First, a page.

We need to talk about slamming (again)
If you are the happy holder of a domain name or of a trademark, you might have received messages which look suspicious or seem to originate from dubious senders. One will, for instance, pretend your domain name is about to expire, but is not sent by the sponsoring Registrar.
The other contacts you in your capacity as CEO and kindly informs you someone is trying to register domain names with Chinese top level tlds using your trademark and/or your company name.
After reading this message, you are left on your own, with many options ranging from ignoring the mail to forwarding the message to your attorney. You may be facing a slamming attempt, a common type of fraud which is perpetrated in various ways.
Last month, we warned our customers about a wave of slamming attempts and this article’s goal is to provide an overview of the different frauds that go by the illustrious name “slamming” and to provide you with advice as to what to do when you receive such messages.
1. The “Protect your trademarks” (for a high price) scam
While pretending to offer help protecting your trademarks, a “Registrar” contacts you telling you someone is trying to register these trademarks in Chinese and Asian top-level domains such as .cn, .asia or .tw. This generous sender is simply willing to allow you to oppose these registrations! If you are still interested in protecting your trademarks, of course.
Usually, trademark holders reply instantly: yes please! Block these people trying to steal my business!
The trademark holder just confirmed his order for a domain name registration he did not need in the first place. And it is usually really expensive.
We advise you to: not (ever) reply to these alleged warnings. Replying will confirm you are reading the message and that you’re worried about your tradermarks and will be considered by the scammer as a sign of weakness and vulnerablability.
2. The “Someone registered your domain name as a keyword” scam
These messages are usually written in an urgent tone. They are very similar to those above, even if they indicate someone registered your trademarks or domain names as keywords instead of domain names.
Again, please disregard these offers: replying will only lead the scammer to put pressure on you and offer overpriced (compared to average) services that you do not even need.
3. The “Your domain name will expire soon” scam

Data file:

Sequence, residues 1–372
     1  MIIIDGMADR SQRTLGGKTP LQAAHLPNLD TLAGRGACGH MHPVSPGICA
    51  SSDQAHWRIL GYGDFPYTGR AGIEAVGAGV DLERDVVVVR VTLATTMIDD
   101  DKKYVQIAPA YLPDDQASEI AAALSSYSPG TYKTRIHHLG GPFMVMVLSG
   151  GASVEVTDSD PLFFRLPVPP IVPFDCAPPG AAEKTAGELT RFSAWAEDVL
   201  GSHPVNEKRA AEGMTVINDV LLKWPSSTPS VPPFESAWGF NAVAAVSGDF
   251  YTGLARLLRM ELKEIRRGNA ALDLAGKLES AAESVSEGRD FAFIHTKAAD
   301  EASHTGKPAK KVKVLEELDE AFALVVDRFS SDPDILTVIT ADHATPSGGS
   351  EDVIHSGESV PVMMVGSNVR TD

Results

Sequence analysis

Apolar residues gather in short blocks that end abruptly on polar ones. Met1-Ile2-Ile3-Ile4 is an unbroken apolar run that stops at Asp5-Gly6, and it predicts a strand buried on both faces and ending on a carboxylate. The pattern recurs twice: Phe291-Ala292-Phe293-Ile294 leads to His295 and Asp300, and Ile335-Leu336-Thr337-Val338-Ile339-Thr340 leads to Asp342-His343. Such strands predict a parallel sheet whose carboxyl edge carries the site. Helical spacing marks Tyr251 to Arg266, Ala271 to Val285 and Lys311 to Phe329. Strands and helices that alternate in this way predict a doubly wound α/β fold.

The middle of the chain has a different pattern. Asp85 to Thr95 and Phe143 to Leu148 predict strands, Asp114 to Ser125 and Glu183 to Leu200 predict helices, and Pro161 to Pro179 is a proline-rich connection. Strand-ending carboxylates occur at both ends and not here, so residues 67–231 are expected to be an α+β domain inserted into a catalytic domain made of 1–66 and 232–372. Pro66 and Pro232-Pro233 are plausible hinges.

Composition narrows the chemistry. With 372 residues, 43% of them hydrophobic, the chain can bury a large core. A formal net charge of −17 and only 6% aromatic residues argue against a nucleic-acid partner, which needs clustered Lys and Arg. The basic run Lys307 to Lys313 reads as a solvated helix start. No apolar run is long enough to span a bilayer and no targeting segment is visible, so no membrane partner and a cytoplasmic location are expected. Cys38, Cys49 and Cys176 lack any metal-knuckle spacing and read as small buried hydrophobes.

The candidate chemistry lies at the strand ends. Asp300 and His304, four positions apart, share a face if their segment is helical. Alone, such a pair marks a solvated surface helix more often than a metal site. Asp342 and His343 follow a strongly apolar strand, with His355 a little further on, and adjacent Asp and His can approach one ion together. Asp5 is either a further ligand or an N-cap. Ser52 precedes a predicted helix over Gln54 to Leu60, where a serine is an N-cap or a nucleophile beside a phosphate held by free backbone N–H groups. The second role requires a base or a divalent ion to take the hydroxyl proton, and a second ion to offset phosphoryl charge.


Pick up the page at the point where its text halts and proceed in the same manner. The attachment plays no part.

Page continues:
You might have received emails in the past indicating your domain name would expire soon while, to your knowledge, it was due to expire much later.
This type of scam works the same way no matter the perpetrator: you are being told your domain name is about to expire within the next few days and you could lose it. A document is usually attached to facilitate renewal process.
This document is not a real renewal order. By replying and ticking the box or accepting the offer, you are instead accepting a transfer of your domain name from your current Registrar to another.
Not only is your domain name being transferred from your trusted Registrar to an unknown and not-so-trustworthy Registrar (they emailed you out of the blue, remember), but you are also charged four or five times the price usually charged for such transfers.
We advise you to: upon reception of these so-called “reminders”, your first reaction should be to perform a Whois check on your domain name to compare the “reminder” information and the Registry’s information.
If the expiration date does not match the one the message you received, you are most probably reading a fake notification.
Quick reminder: keep in mind that you can enable the “transfer lock” protection on your domain names directly from your GANDI account as well as two-factor authentication and, at last, IP restriction, to increase the protection level on your domain name(s).
And as we mentioned before, remember our anti-spam protection feature. When this feature is activated, anyone who culls your email address from the whois (as domain slammers often do) will only get a “hashed” version @contact.gandi.net. You can know that emails sent to such an address do not come from Gandi.
If you encounter such a situation our key recommendations are to check the email headers for suspicious addresses and to double check the information provided in those emails (expiration date, domain name holder). This will protect you from mistaking a scam with a legitimate notification. In any case, do not hesitate toreach out to GANDI’s customer care teams, they will be glad to help you sort things out and make sure you are dealing with a legitimate reminder.